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Don't Try Microneedling If You Have This Skin Problem

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Microneedling is all the rage in the beauty world—it's basically the more accessible version of a laser treatment, and it can be done just about anywhere (check out our guide to at-home vs. in-office treatments). Visiting your dermatologist for a treatment or dermarolling at home has a number of benefits that are beyond skin-deep.

In case you're not familiar, the treatment involves rolling tiny needles (0.5 to 2.5 millimeters in length) over your skin, which create little punctures, allowing your products to seep through more easily, says Elizabeth Hale, M.D., a New York City dermatologist. It also helps smooth over any fine lines while boosting skin-firming collagen. This trend is blowing up because it allows patients to "take skin care into their own hands," Dr. Hale says.

When should you not take microneedling into your own hands? When you have a pimple or an active cold sore, Dr. Hale says. Microneedling opens up the pores and spreads anything that could be trapped in there, including the pus and bacteria trapped in your pimples, which—you guessed it—could mean a lot more pimples. Similarly, if you roll over a cold sore, you could easily spread the virus to other places.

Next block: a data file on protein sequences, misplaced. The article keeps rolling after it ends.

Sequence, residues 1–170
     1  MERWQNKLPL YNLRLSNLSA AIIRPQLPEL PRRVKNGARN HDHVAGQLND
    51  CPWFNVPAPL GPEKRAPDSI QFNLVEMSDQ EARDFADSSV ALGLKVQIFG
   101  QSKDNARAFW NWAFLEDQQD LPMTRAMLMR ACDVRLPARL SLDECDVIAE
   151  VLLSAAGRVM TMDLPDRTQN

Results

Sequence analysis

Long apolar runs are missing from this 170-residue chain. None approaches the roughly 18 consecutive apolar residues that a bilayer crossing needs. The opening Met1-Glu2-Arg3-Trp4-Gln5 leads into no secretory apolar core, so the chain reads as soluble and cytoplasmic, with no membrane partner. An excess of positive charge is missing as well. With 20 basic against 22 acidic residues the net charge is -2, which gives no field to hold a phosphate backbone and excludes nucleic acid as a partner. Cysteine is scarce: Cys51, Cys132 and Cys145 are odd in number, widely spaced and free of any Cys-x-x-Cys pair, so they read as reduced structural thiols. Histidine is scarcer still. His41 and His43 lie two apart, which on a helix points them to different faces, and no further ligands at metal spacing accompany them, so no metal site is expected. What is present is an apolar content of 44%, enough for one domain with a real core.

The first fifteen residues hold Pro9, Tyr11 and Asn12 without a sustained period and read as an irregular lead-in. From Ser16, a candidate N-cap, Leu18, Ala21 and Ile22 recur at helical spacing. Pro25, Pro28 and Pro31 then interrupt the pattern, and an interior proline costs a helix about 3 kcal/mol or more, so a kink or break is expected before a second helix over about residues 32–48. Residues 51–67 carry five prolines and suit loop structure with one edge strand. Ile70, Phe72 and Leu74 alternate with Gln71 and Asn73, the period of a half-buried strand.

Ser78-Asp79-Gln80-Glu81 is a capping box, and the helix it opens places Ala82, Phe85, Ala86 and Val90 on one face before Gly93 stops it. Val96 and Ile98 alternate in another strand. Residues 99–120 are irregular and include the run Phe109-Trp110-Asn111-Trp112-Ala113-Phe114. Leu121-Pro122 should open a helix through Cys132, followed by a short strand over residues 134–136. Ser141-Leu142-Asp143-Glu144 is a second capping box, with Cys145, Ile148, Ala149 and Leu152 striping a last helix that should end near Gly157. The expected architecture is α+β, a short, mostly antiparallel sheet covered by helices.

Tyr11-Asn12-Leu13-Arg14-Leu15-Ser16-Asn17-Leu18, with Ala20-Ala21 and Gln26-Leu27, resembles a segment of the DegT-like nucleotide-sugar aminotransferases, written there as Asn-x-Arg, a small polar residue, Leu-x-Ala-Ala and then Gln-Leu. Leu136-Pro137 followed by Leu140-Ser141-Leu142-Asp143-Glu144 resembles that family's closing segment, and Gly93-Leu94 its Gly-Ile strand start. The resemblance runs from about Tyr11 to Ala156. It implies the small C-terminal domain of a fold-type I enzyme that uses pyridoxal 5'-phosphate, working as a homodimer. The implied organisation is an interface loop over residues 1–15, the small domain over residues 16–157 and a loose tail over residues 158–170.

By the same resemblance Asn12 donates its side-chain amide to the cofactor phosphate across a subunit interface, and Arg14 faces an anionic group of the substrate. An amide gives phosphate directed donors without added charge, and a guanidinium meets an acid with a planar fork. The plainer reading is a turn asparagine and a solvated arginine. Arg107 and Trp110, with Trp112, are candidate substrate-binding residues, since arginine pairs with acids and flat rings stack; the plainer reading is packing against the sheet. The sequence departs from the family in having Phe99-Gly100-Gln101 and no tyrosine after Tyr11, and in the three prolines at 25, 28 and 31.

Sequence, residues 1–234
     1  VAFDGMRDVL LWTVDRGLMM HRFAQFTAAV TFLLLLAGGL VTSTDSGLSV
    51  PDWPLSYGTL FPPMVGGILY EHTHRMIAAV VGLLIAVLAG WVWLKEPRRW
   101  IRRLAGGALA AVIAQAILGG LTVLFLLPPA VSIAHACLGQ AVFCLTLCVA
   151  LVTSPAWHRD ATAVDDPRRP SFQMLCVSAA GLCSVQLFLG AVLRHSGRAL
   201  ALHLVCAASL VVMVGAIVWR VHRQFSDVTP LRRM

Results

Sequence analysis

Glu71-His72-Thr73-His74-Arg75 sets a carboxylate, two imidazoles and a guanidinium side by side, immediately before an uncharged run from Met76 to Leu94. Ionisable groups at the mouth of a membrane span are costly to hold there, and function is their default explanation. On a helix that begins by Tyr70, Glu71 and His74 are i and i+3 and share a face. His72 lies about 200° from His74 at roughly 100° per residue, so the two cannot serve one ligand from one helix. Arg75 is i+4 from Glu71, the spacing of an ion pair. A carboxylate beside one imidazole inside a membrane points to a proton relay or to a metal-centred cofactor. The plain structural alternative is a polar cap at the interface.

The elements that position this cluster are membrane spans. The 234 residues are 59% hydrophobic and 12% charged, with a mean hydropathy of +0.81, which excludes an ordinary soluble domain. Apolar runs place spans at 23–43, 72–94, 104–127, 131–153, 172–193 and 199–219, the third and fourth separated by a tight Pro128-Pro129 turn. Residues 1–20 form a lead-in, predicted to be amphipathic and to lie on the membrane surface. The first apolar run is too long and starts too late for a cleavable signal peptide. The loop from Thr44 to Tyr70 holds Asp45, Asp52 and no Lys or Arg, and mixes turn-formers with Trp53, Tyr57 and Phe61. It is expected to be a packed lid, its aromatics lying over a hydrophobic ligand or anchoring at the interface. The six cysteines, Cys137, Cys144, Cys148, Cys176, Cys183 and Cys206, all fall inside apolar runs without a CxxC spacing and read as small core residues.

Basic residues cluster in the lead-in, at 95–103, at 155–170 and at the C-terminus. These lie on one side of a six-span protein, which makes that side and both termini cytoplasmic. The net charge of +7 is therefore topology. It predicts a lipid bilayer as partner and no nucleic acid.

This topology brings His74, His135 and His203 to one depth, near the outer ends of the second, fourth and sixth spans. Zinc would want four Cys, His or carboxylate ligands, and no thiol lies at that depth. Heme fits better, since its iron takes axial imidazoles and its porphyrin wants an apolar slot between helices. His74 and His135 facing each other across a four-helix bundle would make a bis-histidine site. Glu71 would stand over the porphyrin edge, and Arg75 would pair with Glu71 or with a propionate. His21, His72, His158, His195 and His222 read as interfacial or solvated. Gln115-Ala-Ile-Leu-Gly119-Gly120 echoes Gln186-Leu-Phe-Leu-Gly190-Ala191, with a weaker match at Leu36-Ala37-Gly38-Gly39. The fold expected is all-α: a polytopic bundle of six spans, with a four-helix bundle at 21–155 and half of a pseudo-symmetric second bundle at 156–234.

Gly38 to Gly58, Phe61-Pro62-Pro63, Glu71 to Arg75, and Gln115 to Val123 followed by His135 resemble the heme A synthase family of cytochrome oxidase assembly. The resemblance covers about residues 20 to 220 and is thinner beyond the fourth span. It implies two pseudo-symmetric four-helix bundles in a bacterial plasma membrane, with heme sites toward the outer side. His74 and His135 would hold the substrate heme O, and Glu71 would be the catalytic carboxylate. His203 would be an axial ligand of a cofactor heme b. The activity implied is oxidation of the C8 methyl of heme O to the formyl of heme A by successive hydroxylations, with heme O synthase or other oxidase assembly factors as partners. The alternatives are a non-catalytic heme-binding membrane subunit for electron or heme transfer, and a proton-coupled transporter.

Just have one small pimple? You don't need to worry—just avoid that area if you're dermarolling at home, Dr. Hale says. But if you're in the middle of a breakout, it's best to see a derm for a prescription retinol and wait until your skin clears up. It's tricky, she explains, because although microneedling can be great for acne scars, "there's no quick test to tell if acne is 'gone'" for good, and rolling over these acne scars could create new breakouts if your skin is sensitive. If acne is a consistent struggle for you, set up a consultation with your derm before you grab a dermaroller for an at-home microneedling sesh.

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